Chem320 Review Sheet Exam 1

Chem320 Review Sheet Exam 1 - Exam 1 Review Sheet Chem 320...

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Exam 1 Review Sheet Chem 320 Spring 2011 Chapter 14: Delocalized Pi Systems Pi Systems - the whole theme of this chapter revolves around pi systems (compounds that contain at least 1 C=C); the first part of the chapter talks about just one bond, the second part talks about systems having 2 double bonds, esp those that are connected (conjugated) - having a C=C next to a carbon is stabilizing: - more stabilizing than a 3 ° radical - about as stable as a 2 ° carbocation (as evidenced by the speed of a SN1 reaction) - more stable than a “normal” anion (as evidenced by pK a values) - what makes this so stabilizing? Resonance delocalization of the radical/anion/cation on a C beside (adjacent to) the C=C; you can move the charge around so it’s shared by 3 carbons, spreading the charge/radical out and minimizing it - an allylic group is C=C-C-; a vinylic group is C=C- - if you react an allylic system (something that contains a C=C) with a radical source (NBS is a good and common one - it generates Br . , NCS, while less common, also exists and produces Cl . ), the H on the C next to the C=C (C=C-C- H ) will react with the Br . first; the radical can be delocalized, and either radical can be trapped by another Br . - you can carry out SN1 reactions with allylic halides; the carbocation formed can be delocalized by resonance; it can be trapped: - if you add H 2 O, you make an alcohol from the carbocation - if you started with the alcohol and added HX, you make the alkyl halide, RX - if you add an alcohol, you make an ether from the carbocation - you can also make organometallic reagents (lithium reagents, Grignard reagents, etc) with allylic compounds; the allylic H (C=C-C- H ) is more acidic than the vinylic Hs (C=C- H ), so it is removed with a base preferentially (pK a of allylic is 40, pK a of vinylic is 44) Dienes - dienes contain 2 C=Cs in a compound - if the 2 C=Cs are adjacent (C=C-C=C), it is called conjugated and the 2 pi systems are connected and the electron density overlaps and is shared between the two systems; this is more stable that just having 2 C=Cs in the molecule - if the 2 C=Cs share a common C (C=C=C), it is a cumulated diene; the two pi systems are not in conjugation/the electron density is not overlapping and is not shared between the two systems because the p orbitals that contain that density are perpendicular to each other and cannot overlap with each other to share the electrons that they hold - if the 2 C=Cs are not near each other (not adjacent to each other), they do not overlap either and there is no additional stabilization that comes from having 2 C=Cs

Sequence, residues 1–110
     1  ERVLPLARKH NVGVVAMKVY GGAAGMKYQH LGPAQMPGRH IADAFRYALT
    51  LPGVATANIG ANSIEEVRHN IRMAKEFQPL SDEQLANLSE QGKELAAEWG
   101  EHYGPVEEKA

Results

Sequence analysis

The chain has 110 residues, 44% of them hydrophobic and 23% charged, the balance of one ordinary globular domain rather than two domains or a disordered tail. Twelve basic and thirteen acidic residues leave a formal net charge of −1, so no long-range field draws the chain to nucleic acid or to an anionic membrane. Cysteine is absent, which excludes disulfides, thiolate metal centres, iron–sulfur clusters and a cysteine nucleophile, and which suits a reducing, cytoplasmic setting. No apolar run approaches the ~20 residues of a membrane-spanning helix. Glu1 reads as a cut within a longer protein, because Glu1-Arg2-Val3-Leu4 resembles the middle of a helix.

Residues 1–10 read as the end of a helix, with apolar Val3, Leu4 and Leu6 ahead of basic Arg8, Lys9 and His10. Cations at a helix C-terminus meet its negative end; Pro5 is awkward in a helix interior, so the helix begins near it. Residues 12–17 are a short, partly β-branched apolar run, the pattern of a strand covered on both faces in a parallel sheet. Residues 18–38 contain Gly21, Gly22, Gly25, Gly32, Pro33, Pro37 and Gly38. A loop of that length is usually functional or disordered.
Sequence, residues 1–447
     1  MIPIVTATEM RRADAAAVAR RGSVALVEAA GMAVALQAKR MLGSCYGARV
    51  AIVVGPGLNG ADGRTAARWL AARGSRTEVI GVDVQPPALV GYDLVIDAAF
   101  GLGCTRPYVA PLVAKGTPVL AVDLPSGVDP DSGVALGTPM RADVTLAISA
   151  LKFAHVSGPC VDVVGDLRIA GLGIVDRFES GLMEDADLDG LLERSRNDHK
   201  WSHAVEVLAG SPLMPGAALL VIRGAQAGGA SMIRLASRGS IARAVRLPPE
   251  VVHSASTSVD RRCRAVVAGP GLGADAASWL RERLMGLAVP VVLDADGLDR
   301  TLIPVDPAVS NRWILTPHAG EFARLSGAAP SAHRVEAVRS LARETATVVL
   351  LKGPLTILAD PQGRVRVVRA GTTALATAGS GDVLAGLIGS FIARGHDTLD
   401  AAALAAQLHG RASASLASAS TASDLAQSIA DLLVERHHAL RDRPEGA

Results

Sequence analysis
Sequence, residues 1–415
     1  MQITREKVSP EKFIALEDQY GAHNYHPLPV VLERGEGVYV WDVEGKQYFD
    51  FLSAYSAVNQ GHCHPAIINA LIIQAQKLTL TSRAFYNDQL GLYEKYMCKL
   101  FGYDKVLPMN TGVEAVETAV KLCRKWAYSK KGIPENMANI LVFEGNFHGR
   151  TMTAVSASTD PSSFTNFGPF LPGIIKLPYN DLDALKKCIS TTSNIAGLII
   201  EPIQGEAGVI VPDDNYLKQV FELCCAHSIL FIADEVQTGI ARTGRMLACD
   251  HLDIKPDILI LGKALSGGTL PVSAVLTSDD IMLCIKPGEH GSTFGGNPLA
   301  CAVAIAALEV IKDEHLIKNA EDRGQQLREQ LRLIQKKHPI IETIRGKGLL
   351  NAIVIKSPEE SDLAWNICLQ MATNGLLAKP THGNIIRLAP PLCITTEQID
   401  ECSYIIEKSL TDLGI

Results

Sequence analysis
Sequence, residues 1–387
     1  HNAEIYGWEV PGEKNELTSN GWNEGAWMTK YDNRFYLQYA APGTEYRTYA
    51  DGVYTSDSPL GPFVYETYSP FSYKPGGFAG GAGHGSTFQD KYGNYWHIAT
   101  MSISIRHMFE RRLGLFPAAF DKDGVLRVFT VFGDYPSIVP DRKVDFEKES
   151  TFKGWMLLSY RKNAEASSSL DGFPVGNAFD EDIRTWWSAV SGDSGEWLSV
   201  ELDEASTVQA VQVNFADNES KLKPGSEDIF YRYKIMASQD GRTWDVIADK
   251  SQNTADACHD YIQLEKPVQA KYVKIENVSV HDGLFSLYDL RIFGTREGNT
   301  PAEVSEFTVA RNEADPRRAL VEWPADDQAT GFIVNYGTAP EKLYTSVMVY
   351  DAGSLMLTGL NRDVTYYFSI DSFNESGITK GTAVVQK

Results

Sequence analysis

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- be able to name dienes according to the systems discussed in class - know the difference between s-cis or s-trans -- it refers to the relative orientations of the two double bonds as being both on the same side of the single bond that joins them (s- cis) or on the opposite sides of the single bond (s-trans) - if you react a conjugated diene with HBr (for example), you can get 1,2 or 1,4 addition
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Chem320 Review Sheet Exam 1 - Exam 1 Review Sheet Chem 320...

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